16. The wage bill must be contained. The top-heavy structure of public sector organizations, particularly Ministries, Province and Government Agencies must be rationalized. The multiplicity of Ministries and Government Agencies with duplicated mandates and functions must be resolved through an organized reform, which will cushion the impact on the wage bill. Immediately, we expect the Government to reduce the number of ministries. We propose a maximum of 18 Cabinet Ministers (and an equal number of ministries) from the current 38. We also propose a reduction in the number of Permanent Secretaries to one across all ministries except the Ministry of Finance, which should have two Permanent Secretaries. We also propose that the President delegates his constitutional prerogative of appointing Permanent Secretaries and Statutory Body Board members to the public service commission and his Cabinet Ministers. Such restructuring will help to increase the efficiency of the the public sector as civil servants will be hired on merit. The fiscal space created from the restructuring should then be redirected to supporting frontline workers in education, health, water and sanitation and other key sectors like Agriculture as well as to revamping the social protection and poverty reduction programmes, which have been neglected into complete collapse.

17. A far-reaching public sector reform is long overdue. The wastefulness in the public sector, blotted size of cabinet with many redundancies, poor human resource management particularly travel management, unaddressed and thus demotivating allegations of corruption and other illicit and unfavourable practices and so on, all require a deep-rooted public sector reform to resolve. The mind-sets of professionals have been tainted by the combination of economic hardships and overreaching political influences, nepotism, tribalism, cadreism and other vices in the civil service, which have made working life and professional conduct all but impossible. We expect to see immediate reforms of the civil service to make it professional. There are low hanging fruits that can immediately be moved onto electronic platforms with a view to making the civil service efficient and save the Government money. Mantras such as “doing more with less” simply won’t help if the mind-sets of our civil service remain constrained due to the lack of a structured programme of public sector reform.

18. The 2020 Budget will need a specific programme for removing the inefficiencies of public investment. In 2017, Zambia’s public investment experienced estimated efficiency losses of 45 percent compared to an average of 36 percent for SSA countries. The main areas where the losses emanate include the lack of vetting of projects, lack of systematic appraisals of domestically-financed projects before their inclusion in the budget, and weak procurement processes that undermined efficiency and created opportunities for corruption (we all recall the fire tender scandal and numerous others after it). We expect the Government to establish and implement a credible public investment management system for coordinating and undertaking prior appraisal of all new public investment projects; and to back this up with a specific legal framework. We also expect the Government to urgently enact the long overdue Planning and Budgeting legislation, which has been in the pipeline since 2014, and to revisit the Loans and Guarantees Act as alluded to above.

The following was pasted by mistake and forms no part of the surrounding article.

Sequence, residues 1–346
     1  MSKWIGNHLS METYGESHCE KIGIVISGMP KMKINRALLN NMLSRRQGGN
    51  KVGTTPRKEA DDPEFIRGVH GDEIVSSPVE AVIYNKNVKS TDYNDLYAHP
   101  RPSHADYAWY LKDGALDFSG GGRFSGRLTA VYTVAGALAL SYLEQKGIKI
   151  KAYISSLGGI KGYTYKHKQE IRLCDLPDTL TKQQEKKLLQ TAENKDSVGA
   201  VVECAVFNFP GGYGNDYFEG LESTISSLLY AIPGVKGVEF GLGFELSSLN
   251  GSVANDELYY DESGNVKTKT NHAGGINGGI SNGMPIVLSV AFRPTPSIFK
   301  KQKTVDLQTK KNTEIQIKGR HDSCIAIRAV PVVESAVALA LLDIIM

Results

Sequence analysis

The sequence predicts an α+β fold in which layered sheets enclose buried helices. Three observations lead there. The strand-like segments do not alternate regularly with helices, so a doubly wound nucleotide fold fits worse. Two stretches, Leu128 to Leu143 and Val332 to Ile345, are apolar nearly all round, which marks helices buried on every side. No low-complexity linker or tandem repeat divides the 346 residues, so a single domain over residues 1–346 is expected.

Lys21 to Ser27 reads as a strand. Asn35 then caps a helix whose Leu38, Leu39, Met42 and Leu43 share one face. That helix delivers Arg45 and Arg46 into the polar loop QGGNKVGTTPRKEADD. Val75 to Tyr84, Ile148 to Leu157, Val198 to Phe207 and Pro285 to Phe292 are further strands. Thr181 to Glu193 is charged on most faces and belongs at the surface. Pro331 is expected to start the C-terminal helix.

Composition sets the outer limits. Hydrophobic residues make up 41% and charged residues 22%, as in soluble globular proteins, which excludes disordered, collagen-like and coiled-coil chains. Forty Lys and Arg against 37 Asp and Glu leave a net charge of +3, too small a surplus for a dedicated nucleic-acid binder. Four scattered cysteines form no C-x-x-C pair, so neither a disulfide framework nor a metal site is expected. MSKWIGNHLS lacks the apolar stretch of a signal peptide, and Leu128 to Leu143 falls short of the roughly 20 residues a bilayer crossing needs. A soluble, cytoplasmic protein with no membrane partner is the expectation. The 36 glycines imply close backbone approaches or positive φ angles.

19. As already alluded to, Government should initiate comprehensive and systematic tax reforms that both broaden the tax base and reduce the tax burden on Zambian families and business. The escalation of tax and non-tax deductions through high income and other tax, skills levies, the National Health Insurance scheme, borehole levies, road tolls, fuel levies and many others has gotten out of hand. Moreover, the new Employment Code has dramatically increased the cost burden on employers. These issues have increased production costs and caused negative impacts on livelihoods. These issues cannot be addressed through ill-conceived piecemeal solutions such as the proposed re-introduction of Sales Tax, which should be avoided. It is high time the private sector and citizens got tax breaks and concessions as a matter of public policy. A listening and empathetic Government should be willing to reduce taxes (and the overall revenue to GDP ratio) and similarly reduce expenditure in order to create latitude for the private sector to increase participation in the economy and to grow. The overbearing tax policies and the inconsistences we are proposing must be addressed immediately as part of economic stabilisation, growth and recovery.

20. Let us move both away from sole dependency on copper for exports and further up the copper value chain. Let us do this as soon as possible, through a revival of the diversification agenda. We expect reforming the business environment to encourage investments in Agriculture, Services, Manufacturing and Tourism. Let us make Zambia the destination of choice for regional offices, meaning that we need to have reliable, affordable and good communications networks, transport and logistics services, electricity and financial services, among others. This we must do in practical terms and not pronouncements in empty speeches.

21. Import substitution is a good way of stimulating job creation, industrialization and productivity in the manufacturing sector. We need to ensure that whatever can be manufactured in Zambia is NEVER imported because importing is equivalent to forfeiting jobs and industrial development. This is emphasising the formalisation we highlighted above, less imports will reduce pressure on the kwacha thus reducing the exchange rates in major convertible currencies. This will reduce exchange rate induced inflation.